As a Research Affiliate with Tulane University, from 1979 on, Dr. Walsh's efforts in experimental leprosy included observations on nonhuman primates, especially with sooty mangabey monkeys in collaboration with Dr. Bobby J. Gormus at the Tulane Regional Primate Center, Covington, Louisiana.

Again in 1987, Dr. Walsh returned to Cebu, now as Director, Philippine Operations, for the LWM Leprosy Research Center. His work there included research and teaching, as leprosy workers in many countries of Asia came to Cebu for seminars and training in the clinical and experimental aspects of the field of leprosy. The laboratories there were developed into a productive world-class level of expertise.

In addition to his professional association with the World Health Organization, Dr. Walsh served as advisor to the Pan American Health Organization, and as a member of the Study Section of the Cooperative Development Research Program through the Agency for International Development.

Dr. Walsh authored or co-authored more than 150 articles in peer-reviewed scientific journals or chapters in books, primarily in the areas of clinical and experimental leprosy and tuberculosis. His research also included other diseases, including cat scratch fever. Buruli ulcer, and assessing new types of therapy for psoriasis.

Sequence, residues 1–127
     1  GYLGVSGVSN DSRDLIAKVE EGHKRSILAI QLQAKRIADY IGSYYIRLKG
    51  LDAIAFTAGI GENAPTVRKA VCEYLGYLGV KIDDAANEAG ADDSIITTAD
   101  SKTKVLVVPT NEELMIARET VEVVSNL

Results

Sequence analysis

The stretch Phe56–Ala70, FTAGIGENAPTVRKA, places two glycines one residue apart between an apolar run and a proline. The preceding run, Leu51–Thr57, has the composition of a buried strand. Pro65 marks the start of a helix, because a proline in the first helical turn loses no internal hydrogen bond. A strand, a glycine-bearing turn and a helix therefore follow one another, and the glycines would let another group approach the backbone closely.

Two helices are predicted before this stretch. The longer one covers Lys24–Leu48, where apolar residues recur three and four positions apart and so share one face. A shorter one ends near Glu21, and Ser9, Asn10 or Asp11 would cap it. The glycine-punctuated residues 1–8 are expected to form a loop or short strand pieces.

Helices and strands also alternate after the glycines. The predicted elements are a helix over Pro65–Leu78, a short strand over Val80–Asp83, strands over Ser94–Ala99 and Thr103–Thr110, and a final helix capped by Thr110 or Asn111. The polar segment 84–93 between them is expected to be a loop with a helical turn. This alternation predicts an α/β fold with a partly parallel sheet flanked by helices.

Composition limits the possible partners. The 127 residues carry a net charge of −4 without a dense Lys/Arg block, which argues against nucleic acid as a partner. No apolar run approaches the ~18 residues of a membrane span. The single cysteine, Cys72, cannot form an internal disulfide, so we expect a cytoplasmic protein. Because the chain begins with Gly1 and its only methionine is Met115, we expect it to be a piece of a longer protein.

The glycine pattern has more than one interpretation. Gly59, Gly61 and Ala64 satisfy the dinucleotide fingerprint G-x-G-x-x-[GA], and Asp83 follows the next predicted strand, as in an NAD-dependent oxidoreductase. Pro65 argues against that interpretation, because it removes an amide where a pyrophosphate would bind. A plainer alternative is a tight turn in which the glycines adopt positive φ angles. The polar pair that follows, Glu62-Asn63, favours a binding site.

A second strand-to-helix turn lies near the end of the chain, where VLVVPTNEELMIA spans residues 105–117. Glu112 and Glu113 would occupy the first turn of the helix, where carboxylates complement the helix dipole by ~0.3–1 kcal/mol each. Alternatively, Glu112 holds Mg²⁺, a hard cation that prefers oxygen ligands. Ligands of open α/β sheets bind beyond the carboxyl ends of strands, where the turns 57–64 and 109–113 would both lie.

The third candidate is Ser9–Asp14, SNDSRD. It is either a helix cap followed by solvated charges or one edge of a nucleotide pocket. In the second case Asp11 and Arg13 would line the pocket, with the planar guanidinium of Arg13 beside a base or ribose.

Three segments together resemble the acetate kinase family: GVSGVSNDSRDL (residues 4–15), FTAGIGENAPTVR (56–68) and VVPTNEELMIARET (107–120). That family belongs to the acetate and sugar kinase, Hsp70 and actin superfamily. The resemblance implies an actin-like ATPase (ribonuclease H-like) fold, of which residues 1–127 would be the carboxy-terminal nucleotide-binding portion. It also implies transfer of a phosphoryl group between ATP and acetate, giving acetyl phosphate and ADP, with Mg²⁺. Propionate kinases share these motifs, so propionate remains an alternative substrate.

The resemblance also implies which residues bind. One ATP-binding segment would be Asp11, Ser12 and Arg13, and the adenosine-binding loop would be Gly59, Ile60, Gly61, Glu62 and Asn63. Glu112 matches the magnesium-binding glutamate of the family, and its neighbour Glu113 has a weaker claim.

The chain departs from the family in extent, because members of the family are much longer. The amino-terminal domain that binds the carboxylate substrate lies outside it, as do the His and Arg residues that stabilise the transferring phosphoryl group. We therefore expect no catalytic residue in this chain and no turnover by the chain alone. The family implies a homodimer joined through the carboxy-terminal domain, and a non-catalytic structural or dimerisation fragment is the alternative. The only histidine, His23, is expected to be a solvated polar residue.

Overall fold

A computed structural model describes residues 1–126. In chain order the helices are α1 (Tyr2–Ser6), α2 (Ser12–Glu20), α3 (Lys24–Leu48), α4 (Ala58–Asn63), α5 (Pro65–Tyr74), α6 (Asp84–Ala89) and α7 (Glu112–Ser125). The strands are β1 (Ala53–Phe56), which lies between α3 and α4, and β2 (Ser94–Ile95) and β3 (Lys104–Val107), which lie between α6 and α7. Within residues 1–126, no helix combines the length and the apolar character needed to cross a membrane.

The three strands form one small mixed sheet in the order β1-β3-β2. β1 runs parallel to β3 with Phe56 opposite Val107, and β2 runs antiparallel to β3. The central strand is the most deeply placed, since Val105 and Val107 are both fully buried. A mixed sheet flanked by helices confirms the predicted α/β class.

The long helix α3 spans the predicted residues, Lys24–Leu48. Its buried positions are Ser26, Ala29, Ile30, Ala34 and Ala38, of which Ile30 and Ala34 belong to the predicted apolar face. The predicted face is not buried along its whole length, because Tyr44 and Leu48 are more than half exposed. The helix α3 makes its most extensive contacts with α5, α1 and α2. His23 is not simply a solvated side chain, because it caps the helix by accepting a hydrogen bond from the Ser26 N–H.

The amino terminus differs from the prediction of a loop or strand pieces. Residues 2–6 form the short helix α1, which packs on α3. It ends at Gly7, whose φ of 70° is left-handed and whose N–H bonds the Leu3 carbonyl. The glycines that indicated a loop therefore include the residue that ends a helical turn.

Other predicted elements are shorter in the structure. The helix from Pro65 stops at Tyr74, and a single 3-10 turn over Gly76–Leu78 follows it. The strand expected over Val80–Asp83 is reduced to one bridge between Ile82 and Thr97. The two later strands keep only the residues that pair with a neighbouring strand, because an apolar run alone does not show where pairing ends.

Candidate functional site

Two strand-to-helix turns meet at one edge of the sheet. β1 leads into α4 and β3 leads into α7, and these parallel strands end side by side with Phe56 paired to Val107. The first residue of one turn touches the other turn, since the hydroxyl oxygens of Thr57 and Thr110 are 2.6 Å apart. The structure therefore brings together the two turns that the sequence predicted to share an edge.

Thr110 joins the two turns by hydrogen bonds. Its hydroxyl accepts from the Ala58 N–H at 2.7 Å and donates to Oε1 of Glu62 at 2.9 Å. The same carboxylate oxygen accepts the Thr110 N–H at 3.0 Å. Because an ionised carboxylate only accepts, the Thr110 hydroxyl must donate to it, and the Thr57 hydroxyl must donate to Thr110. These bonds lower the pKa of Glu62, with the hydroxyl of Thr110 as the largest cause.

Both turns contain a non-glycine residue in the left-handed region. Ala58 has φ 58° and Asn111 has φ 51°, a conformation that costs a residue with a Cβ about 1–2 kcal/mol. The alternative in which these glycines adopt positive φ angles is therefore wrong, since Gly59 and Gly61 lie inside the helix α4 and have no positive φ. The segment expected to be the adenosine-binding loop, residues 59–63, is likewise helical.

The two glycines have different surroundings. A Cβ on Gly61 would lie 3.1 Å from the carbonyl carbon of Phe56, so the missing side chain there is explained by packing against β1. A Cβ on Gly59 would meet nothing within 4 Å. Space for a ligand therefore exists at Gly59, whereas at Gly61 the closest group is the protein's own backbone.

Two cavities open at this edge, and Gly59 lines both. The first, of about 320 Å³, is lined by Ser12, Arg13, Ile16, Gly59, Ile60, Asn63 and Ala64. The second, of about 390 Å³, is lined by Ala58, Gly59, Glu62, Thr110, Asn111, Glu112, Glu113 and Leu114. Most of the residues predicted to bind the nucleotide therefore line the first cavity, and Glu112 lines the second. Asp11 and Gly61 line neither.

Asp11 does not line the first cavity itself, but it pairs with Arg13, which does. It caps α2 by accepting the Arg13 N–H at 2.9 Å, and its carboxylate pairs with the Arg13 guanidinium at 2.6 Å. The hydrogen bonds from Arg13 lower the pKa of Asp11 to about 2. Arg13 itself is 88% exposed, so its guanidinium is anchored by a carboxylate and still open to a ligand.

He served on the board of the Damien-Dutton Society for Leprosy Aid for many years, and was a member of the American Society for Microbiology, the American Association for the Advancement of Science, the International Leprosy Association, the American Society of Tropical Medicine and Hygiene, and the American Association of Laboratory Animal Science.

Wherever his scientific endeavors led him, Gerry was always involved in community efforts. He served on the board of directors for St. Johns at Prospect Hall High School in Frederick, Maryland, and was a member of the Rotary Club in New Iberia, Louisiana and in Cebu, Philippines. He was an active and involved member of St. John the Evangelist Roman Catholic Church, in Frederick, Maryland.

A high point in Gerry's and my collaboration and friendship was our invited participation in a one-week symposium on leprosy at the Pontifical Academy of Sciences, The Vatican, in 1984. This symposium was capped by a private audience of the participants with His Holiness, John Paul II. Gerry's usual camaraderie was in full form as he exchanged quips with the Pope-although I believe Gerrie Lee was for a moment chagrined over the informal nature of the exchange. Nevertheless, John Paul IPs autograph in a book of the Pope's poetry was obtained and became a cherished object in the Walsh home.

Dr. Walsh was much loved by his colleagues and coworkers, administrative associates, animal handlers, laboratory technicians and co-investigators alike. He led the Philippine team through many periods of adversity, and his Filipino associates will greatly miss Gerry.

Dr. Walsh was warmly proud of his family and their accomplishments. He is survived by his wife Gerrie Lee, four children and four grandchildren. He will be greatly missed by all of us, but we take pleasure in knowing that through his efforts the fight against leprosy has been substantially advanced.


- Wayne M. Meyers, M.D., Ph.D.